An expert witness may be presented by the State or the Defense in a criminal trial. This witness is deemed an “expert” by the Judge, which allows this witness to give opinions or other testimony in any area of scientific, technical, or specialized knowledge.
This scientific, technical, or specialized knowledge testimony or opinion must be such that it could assist the trier of fact (which are the jury members in a jury trial and the judge in a court trial) in understanding the evidence or in determining a fact at issue in the case. This means that the opinion or testimony must be reliable information and not just a “novel idea” that is not approved or accepted by others in the expert witness’s field. The testimony also cannot be common knowledge to where the jury member or trier of fact would have reached the same conclusion given the same evidence in front of them. The expert witness should aid the trier of fact in things they need help with, not confuse them or tell them what they already know.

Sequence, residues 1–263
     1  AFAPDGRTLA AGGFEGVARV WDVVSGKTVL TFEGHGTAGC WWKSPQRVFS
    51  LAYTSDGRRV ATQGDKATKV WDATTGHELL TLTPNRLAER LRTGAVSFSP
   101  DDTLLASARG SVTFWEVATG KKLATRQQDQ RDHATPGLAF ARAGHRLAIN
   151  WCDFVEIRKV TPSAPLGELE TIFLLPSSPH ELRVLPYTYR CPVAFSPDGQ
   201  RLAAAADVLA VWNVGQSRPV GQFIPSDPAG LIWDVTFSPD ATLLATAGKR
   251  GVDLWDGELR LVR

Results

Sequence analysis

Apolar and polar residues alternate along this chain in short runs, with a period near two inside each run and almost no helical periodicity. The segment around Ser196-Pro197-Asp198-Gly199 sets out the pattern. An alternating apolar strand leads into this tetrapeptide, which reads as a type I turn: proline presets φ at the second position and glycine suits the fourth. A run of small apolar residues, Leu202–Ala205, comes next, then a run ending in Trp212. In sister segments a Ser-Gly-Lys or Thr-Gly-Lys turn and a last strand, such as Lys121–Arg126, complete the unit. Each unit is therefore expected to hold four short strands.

In determining whether the witness is a sufficient expert for trial, a judge would rely on the Rules of Evidence. In Minnesota, Rule of Evidence 702 gives discretion to the court to make this determination if the witness is an expert based on their specialized knowledge and qualifications and the information they seek to present.